The answer I'm guessing is probably not, as the users that ask these types of questions don't care much for researching questions and putting effort in to asking.
My suggestion would be for new users, or those with a history of asking poor questions based on closure rate or down votes. I'm sure SO have algorithms to identify and flag the types of users I'm talking about.
Some of the issues around poor questions are:
- Lack of research effort
- Lack of any code
- Lack of details that give the question some context
While these questions will probably end up in the "Low Quality" review queue, could additional prompts make some of these users think for a second before clicking "Post Your Question".
When asking a question we currently see prompts for:
Could additional checks be carried out on the post to check for inclusion of links (research effort), inclusion of code and length of post. I know there is a 30 character limit already, but there's probably very few questions that would be "on-topic" and "specific" with under 100-200 characters (arbitrary values). This is by no means a definitive list of the checks that could be carried, more a starting point.
The prompt could look something like this with only the relevant bullet points listed (orange as a warning / not an error):
You will also see a checkbox that they would be required to click before the the question could be posted. Not sure if there would be any value storing how many times this was checked on top of what SO already do to flag low value users.
After posting a question yesterday that included a JSFiddle, I saw the following prompt before I added a code snippet:
I'd forgotten about this prompt, but this is the kind of pre-post validation that I'm referring to. It's clear that it checks for both a URL and code, which are 2 of the initial checks I suggested for users targeted by the warning prompt.
Once the question textarea loses focus, a call is made to:
http://stackoverflow.com/posts/validate-body, which returns an array of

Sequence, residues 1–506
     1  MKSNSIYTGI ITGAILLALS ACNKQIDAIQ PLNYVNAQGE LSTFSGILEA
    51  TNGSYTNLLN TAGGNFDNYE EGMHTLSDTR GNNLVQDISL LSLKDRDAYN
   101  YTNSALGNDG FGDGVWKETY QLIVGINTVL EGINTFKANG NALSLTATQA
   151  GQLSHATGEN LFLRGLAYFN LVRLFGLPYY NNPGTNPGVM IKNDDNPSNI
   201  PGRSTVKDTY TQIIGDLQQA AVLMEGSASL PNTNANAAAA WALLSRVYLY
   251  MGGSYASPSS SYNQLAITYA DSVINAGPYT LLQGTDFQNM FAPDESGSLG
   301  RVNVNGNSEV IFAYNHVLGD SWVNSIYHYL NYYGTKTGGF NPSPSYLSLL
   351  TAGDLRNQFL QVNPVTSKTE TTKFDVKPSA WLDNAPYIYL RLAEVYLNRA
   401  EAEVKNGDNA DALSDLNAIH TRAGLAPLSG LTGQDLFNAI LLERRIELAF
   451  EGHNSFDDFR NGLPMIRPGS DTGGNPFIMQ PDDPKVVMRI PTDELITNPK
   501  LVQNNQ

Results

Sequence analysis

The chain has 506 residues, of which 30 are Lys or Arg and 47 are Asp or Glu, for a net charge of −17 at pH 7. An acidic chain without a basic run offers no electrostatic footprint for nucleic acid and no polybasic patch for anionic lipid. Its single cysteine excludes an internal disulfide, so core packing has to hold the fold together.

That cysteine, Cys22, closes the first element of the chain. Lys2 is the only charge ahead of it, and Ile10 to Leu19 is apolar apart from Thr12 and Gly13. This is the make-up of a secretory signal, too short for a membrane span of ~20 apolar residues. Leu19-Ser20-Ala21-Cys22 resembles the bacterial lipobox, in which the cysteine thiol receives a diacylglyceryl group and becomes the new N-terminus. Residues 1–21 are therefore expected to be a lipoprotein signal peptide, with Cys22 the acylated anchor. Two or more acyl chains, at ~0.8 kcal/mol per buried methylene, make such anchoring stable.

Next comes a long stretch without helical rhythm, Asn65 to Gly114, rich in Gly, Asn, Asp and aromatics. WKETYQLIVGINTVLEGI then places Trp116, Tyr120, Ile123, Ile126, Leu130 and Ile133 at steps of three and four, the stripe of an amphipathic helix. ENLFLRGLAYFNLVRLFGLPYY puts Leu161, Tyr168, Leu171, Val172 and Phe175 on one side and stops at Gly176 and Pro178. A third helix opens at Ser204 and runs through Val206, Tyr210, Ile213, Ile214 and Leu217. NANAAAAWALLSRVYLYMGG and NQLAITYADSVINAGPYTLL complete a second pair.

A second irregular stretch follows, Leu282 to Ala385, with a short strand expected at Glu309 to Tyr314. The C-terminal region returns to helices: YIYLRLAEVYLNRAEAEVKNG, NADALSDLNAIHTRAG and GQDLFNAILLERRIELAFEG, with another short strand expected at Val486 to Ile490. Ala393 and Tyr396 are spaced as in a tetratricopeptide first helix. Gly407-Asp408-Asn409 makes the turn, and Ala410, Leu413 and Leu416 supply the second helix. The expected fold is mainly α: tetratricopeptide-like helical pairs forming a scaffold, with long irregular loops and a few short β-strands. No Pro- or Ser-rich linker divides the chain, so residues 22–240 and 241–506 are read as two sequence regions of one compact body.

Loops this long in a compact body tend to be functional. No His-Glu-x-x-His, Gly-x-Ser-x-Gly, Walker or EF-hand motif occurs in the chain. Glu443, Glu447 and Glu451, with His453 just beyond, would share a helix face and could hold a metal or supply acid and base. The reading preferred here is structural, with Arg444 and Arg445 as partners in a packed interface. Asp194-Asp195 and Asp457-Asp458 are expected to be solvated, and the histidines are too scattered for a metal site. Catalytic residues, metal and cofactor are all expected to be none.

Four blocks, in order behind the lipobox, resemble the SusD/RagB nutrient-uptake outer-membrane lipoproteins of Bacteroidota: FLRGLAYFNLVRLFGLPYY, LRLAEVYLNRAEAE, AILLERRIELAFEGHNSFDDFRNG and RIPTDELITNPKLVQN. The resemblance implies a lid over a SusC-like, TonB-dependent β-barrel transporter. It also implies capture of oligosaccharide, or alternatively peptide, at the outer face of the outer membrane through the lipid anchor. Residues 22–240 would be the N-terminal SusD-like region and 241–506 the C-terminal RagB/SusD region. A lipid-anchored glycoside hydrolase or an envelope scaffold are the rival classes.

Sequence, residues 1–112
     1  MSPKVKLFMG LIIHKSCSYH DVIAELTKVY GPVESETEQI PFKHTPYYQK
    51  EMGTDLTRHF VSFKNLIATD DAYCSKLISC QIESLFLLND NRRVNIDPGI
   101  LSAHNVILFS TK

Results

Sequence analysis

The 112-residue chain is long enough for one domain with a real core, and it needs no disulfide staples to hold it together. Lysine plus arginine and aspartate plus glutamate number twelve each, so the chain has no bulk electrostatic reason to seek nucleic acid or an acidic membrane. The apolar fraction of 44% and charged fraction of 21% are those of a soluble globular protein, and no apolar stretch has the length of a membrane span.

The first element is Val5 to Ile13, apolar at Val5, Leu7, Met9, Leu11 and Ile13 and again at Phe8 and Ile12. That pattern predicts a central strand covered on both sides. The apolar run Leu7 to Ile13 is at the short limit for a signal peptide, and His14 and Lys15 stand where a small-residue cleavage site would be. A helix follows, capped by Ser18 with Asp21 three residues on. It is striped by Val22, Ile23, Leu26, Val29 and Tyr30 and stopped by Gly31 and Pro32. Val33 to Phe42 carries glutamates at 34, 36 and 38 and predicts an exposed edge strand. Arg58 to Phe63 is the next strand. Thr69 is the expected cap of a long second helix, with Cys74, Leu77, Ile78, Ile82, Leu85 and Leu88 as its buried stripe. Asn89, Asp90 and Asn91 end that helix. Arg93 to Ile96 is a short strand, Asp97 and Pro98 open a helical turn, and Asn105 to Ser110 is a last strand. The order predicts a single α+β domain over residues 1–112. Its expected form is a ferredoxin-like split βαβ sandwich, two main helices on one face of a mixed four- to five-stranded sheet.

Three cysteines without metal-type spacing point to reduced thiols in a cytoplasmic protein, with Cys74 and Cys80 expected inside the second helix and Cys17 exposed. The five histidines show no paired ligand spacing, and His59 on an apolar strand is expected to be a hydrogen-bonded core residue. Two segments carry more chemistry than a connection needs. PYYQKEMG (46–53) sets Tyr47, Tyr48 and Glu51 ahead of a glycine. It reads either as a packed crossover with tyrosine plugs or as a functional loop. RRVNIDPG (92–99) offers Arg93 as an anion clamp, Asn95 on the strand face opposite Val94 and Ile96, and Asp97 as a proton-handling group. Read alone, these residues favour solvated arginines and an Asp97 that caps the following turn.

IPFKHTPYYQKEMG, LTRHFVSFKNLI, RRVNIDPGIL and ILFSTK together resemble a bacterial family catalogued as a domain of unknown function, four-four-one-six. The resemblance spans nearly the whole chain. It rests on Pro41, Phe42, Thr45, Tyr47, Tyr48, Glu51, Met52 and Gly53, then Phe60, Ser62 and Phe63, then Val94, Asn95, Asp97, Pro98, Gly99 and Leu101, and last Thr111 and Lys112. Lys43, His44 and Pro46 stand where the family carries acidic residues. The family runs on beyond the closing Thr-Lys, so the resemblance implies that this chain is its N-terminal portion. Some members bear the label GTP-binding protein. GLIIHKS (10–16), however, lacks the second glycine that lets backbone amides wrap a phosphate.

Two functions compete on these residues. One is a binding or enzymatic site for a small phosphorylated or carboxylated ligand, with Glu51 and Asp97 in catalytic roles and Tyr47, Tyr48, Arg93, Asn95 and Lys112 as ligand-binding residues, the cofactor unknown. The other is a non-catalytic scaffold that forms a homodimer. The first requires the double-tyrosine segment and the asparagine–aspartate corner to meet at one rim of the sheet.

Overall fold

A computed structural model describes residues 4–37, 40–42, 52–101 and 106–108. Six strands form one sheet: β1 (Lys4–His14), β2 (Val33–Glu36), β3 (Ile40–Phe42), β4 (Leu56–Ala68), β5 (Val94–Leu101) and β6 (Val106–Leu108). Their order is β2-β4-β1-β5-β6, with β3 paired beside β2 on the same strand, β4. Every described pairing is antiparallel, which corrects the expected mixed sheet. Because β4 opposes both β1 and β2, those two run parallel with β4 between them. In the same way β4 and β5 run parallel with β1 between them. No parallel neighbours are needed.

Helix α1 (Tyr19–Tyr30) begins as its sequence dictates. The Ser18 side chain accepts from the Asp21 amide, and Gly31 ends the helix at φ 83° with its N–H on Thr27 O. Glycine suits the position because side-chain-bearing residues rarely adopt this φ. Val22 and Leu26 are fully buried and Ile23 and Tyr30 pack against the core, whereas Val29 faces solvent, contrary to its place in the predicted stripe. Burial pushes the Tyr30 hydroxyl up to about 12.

errors, so I would just extend this to also return an array of
warnings based on the post body and the status (rep, flagged, on a warning etc) of the user making it.
After listening to the latest podcast (Podcast #60: Are We That Predictable?), here are a few additional checks that could be added to the warning prompt:
- Too much code (in relation to other text)
- Only using a single tag
- Lack of capital letters in the post
While some of these have been suggested as behind the scenes checks that have been added to the algorithm to feed in to the Low Quality Review Queue, again could they not be used to warn users before they post?
I understand from the podcast, they don't want to highlight all of the things that flag questions as low quality to prevent people circumventing the checks, but they state that they want to block and warn users where they feel that the user can learn something.
I also like @Dukeling's suggestion for the rewording at the bottom of the prompt to be more specific about the consequences of ignoring the prompt:
I understand that, without the above, I may be prevented from getting answers to my question and taking a step towards getting banned from the site.
I've just seen this question on meta:
Why is this question title considered subjective?
I noticed that it displayed a warning prompt to the user, as you can see below. I'm wondering whether this feature request for additional prompting is being implemented to an extent, or is this existing functionality that I've not seen before?
This question was recently posted:
Stack Overflow Mentorship Research Project
While the intention of this is good, I think it's too detached from the normal flow of people wanting to ask a question. Asking someone to go to a chat room and find someone that is available and willing to help there and then. I think the new users would outnumber the available mentors with a ratio similar to that of questions that require closing and available reviewers.
The additional prompts with my suggestion wouldn't ask the new users to go anywhere, it would simply scan their question and prompt them with suggestions prior to posting.